“All ages can testifie enough howe profitable that fable of Christe hath ben to us and our companie.” – Pope Leo X to Cardinal Bembo in The Pageant of Popes by Bishop John Bale (1548)
In the beginning of The Penguin Dictionary of Saints, Roman Catholic hagiographer Donald Attwater writes, “Research into the lives of the earlier saints is beset with special difficulties. There are those which face other historians and biographers: fewness of records, their unreliability, uncertainties and contradictions, conflicting interpretations, and so on. But there are added to these, in particular, the ‘selectiveness’ of the material available and, not infrequently, what by later standards seems the unscrupulosity and absurd credulousness of many writers of the past. Most hagiographers were interested in nothing but the directly religious aspects of their subjects’ lives: at the worst, a ‘biography’ became no more than a list of miracles, often puerile, or of voluntary physical austerities, or, in the case of a martyr, of repeated torments a single one of which no human body could survive. Or again, when material was lacking, the earlier hagiographer sometimes did not disdain to manufacture it himself or to borrow it: so that we may even come upon two saints whose written lives are almost word for word the same, with only names and places different. A high degree of authenticity and historical interest is a rather rare element in the huge whole of earlier hagiographical literature; instead we find myth, folklore, legend, and romantic and ‘edifying’ fiction.”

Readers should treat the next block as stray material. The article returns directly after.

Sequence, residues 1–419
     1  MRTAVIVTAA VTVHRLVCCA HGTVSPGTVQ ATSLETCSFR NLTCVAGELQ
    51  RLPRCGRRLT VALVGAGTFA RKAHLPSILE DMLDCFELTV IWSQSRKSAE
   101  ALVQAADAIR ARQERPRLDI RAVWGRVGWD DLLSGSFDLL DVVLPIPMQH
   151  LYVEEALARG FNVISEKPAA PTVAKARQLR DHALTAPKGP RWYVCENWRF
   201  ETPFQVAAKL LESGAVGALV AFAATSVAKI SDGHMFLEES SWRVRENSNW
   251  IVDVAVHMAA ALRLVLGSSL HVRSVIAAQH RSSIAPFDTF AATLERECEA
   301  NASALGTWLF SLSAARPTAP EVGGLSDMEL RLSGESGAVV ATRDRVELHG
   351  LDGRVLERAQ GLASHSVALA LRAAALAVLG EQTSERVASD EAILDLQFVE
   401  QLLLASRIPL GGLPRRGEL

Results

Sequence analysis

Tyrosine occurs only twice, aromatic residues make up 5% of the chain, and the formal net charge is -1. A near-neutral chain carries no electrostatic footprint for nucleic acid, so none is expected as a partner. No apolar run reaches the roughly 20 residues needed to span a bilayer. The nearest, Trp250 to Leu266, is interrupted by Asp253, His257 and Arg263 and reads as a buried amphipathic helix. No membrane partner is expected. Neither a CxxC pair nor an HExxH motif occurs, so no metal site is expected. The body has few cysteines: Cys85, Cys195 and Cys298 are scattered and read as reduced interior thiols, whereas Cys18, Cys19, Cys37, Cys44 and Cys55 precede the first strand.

A prime example of this kind of myth making―besides the Jesus story itself―was the identification and validation of St. Peter’s tomb in Rome, said to be situated under the high altar of Christendom’s most famous church. In fact the tomb is not there, or to put it more politely, unverified by expert and disinterested parties as belonging to St. Peter or any other early Christian saint. Attwater says that the excavations are “impressive and of profound interest, but not wholly conclusive on this point.” But the world’s leading authority on Roman Catholic affairs, Avro Manhattan, in The Vatican Billions, writes, “The most fabulous [story] was undoubtedly that promoted by the cult of the Blessed Peter, the Turnkey of Heaven. The cult demanded a journey to Rome where Peter’s tomb lay.